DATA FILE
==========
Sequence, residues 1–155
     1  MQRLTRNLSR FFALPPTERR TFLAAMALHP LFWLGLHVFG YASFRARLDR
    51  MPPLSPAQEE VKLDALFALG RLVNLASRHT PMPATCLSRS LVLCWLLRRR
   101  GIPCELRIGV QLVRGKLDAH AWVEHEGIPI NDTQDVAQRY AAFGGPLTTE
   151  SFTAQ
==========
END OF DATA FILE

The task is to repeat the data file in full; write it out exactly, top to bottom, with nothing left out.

Sequence, residues 1–155
     1  MQRLTRNLSR FFALPPTERR TFLAAMALHP LFWLGLHVFG YASFRARLDR
    51  MPPLSPAQEE VKLDALFALG RLVNLASRHT PMPATCLSRS LVLCWLLRRR
   101  GIPCELRIGV QLVRGKLDAH AWVEHEGIPI NDTQDVAQRY AAFGGPLTTE
   151  SFTAQ